Mystery as 200 dead starlings fall like rain outside hospital – investigation launched
Brexit: British expat discusses difficulty of living in Spain
We use your sign-up to provide content in ways you’ve consented to and to improve our understanding of you. This may include adverts from us and 3rd parties based on our understanding. You can unsubscribe at any time. More info
200 dead starlings were found on a street in the city of Ferrol, in north-western Spain. National media said the birds “fell like rain” outside a hospital.
The dead starlings hit cars and pedestrians outside the Juan Cardona Hospital of this small Atlantic city. Local police confirmed nobody was hurt.
Mapi Rodríguez, president of the local resident association, said: “They came out of the trees in the emergency area of the hospital, flew a few metres and plummeted to the pavement.
“The birds have been collected and we are now waiting to find out what happened.
“We are told it won’t be easy.”
The regional environmental department collected two dead birds for analysis.
The mysterious incident echoes the death of 225 starlings on a road on Anglesey, North Wales, in 2019.
Sergeant Rob Taylor from North Wales Police claimed results from a veterinary examination showed the deaths were “probably consistent with the birds avoiding either severe weather or a raptor in the area”.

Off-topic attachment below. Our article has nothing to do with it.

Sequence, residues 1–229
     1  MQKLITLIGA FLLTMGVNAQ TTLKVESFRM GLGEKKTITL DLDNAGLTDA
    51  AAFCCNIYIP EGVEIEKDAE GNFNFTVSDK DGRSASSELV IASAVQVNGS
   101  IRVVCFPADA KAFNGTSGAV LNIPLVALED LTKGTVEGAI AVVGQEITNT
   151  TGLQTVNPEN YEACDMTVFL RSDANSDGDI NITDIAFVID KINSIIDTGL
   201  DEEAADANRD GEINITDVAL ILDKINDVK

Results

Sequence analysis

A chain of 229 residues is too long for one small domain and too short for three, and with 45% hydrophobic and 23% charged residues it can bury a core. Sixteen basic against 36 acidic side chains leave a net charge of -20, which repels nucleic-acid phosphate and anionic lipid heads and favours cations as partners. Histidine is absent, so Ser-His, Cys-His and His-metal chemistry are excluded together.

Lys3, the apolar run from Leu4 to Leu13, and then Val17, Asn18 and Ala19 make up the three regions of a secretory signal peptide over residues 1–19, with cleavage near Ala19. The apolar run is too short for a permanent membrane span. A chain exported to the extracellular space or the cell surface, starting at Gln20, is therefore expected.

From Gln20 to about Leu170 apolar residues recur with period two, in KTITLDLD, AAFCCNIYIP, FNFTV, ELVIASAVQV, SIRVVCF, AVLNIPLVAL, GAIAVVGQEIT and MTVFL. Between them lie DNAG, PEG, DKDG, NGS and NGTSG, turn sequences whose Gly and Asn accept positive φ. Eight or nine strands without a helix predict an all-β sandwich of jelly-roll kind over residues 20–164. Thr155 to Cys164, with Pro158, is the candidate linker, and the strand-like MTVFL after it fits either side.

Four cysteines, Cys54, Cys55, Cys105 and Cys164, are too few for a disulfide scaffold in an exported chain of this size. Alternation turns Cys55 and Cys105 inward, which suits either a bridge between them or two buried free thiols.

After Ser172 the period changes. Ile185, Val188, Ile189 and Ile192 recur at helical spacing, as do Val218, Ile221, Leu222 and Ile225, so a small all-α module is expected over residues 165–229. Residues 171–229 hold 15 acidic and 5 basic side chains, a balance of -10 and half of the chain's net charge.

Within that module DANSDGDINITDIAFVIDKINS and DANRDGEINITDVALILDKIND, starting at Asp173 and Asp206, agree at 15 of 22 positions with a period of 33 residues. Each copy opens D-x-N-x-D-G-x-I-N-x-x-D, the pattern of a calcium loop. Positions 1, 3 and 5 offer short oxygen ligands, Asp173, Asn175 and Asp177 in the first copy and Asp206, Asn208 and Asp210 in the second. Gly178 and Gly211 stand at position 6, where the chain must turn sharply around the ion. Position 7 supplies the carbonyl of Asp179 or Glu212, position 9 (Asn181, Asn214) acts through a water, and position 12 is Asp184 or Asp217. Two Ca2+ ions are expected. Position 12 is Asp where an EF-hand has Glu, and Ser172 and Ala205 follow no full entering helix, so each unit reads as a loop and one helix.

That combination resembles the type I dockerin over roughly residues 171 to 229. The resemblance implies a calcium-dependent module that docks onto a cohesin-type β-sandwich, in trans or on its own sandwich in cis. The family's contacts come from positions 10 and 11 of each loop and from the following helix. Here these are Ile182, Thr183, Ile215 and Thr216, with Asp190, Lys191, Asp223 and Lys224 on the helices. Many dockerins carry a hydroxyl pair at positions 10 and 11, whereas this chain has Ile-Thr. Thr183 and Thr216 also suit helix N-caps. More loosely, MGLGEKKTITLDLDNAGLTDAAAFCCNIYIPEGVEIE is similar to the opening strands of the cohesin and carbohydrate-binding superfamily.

A police statement read: “It’s highly likely the murmuration took avoiding action whilst airborne, from possibly a bird of prey, with the rear of the group not pulling up in time and striking the ground.”
Meanwhile, 350 birds were found dead in The Hague, the Netherlands, in 2018. This was linked to the testing of 5G masts in the country, an explanation that quickly travelled from social media to national and international news outlets and that was later confirmed to be untrue.
According to Wageningen Bioveterinary Research (WUF), which carried out post-mortems on the starlings, the primary cause of death was likely to be bleeding from trauma.
Natural poison was found in the organs of the starlings, and while the institute acknowledged it could not guarantee the birds were weakened by natural poison, such as from yew berries, it was the most logical reason.
‘Knew the crowds would be massive’ Donald Trump blames Democrats for Capitol riots [REPORT]
EU crisis: Lukashenko threatens to cut energy supplies to bloc as row with Poland explodes [INSIGHT]
EU bid to catch up with China comes too late ‘uphill struggle’ [ANALYSIS]
Further, the Antenna Bureau of the Dutch government confirmed there had been no testing of 5G masts near the location of the mass deaths.
They added that all transmission masts across the country are bound by safety standards and that “from measurements, radiation is well below the safety standards”.
This wasn’t the first case of a mass death event in Spain, either.
Last year, close to one hundred birds dropped dead within a 10-meter radius across a highway near a chemical plant in Tarragona, Catalonia.
Local environmental groups speculated the deaths may have been related to a toxic cloud coming from the Iqoxe chemical plant, where an explosion had shortly before killed three people and injured seven others.
However, it turned out the murmuration of starlings collided with a vehicle as if flew too close — closer than usual for the species — to the road.
Source: Read Full Article